Solar heat for agribusinesses
 Solar heat for multinational agribusinesses under way

Solar heat for multinational agribusinesses under way

Solar heat for production processes is spreading. Now it is the turn of Argentina, where the engineering company Placentino Cia has announced four projects for agribusinesses totalling 18 MW with concentrating solar collectors in the early development phase. Natural gas prices in Argentina are currently still highly subsidised, which usually makes the use of solar thermal unprofitable. But multinational corporations with strict internal CO2 reduction targets are looking for alternatives. The photo shows one of the few SHIP plants in operation with vacuum tube collectors.
Photo: Skenta

Argentina has one of the best solar resources in the world. Together with Chile, Peru and Bolivia, some of its regions achieve record-breaking conditions. Areas such as Salta or Tucuman receive over 7.2 kWh/m2 of horizontal irradiation daily, which is almost the world’s highest level. Despite its mild temperatures and clear skies, Argentina is, however, a fossil fuel economy and 88 % of its primary energy consumption comes from domestic gas and oil sources. Barely 8 % of its primary energy consumption is covered by renewables – mainly biomass.

Solar heat for agribusinesses
Source: Wikimedia Commons

Agricultural sector searching for alternatives

“Some companies, mostly foreign multinationals, are demanding huge amounts of renewable heat.” Adrián Placentino with his company Placentino Cia is one of the few solar thermal project developers for industrial clients with linear Fresnel technologies in the country. He confirms that he is in the early stage of development of four projects totalling 18 MW. Among his customers are mostly large farm operators and oil & gas plants, including the Swiss Syngenta Agro SA. “These companies do not choose solar because of the economics but mostly due to internal requirements to reduce their CO2 footprint.” Placentino Cia was founded in 1990 with its core business being HVAC solutions for industrial customers. Solar solutions have been promoted for five years under the brand name FríoSolar.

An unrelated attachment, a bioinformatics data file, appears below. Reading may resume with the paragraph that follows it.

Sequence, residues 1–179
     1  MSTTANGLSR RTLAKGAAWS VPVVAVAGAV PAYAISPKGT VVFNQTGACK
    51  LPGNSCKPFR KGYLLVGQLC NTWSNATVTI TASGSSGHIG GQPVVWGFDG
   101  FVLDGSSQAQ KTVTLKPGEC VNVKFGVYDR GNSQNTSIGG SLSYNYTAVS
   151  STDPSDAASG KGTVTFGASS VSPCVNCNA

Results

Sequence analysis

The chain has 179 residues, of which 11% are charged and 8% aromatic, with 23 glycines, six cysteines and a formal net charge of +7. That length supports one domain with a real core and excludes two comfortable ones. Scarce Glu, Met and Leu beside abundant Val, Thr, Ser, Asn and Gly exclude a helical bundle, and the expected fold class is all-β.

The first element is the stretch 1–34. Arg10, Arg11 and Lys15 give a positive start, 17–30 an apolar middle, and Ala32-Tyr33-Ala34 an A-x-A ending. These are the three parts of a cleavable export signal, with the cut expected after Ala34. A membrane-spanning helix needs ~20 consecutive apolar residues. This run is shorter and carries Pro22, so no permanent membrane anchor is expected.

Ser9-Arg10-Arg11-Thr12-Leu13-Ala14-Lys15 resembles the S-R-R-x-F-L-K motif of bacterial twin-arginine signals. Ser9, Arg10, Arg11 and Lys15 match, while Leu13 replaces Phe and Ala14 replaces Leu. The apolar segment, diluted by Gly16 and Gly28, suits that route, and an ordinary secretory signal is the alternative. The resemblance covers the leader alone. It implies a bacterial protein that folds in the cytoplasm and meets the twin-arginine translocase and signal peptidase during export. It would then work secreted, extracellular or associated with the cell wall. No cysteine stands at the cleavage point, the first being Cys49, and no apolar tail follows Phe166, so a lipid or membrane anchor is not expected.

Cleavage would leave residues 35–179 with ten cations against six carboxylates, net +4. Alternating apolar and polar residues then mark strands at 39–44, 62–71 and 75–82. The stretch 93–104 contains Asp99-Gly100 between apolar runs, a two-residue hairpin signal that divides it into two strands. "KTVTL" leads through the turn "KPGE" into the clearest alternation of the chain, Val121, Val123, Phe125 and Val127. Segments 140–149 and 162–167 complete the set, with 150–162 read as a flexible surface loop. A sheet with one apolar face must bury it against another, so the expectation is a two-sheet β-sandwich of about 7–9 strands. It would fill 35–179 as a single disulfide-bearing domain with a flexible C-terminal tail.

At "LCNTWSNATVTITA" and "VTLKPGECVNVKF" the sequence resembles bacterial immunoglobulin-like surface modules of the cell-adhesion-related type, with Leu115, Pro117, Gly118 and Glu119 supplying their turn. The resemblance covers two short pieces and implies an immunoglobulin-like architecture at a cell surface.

According to Placentino, the current, subsidized price of natural gas of around 0.15 USD/m3 discourages investment in solar heat by domestic companies. “However, large foreign multinational agribusinesses have internal targets on CO2 emission reduction. Together with compliance carbon trading and the possibility of an increase in gas prices, it makes more and more sense to search for alternatives.” Placentino stated that some of his undisclosed clients operate very large farms with up to 20,000 hectares. They need to dry cereals such as corn or wheat using large amounts of natural gas. “These farms consume around 5 million m3 of gas during a season of six months; they are some of the largest gas consumers in the country.”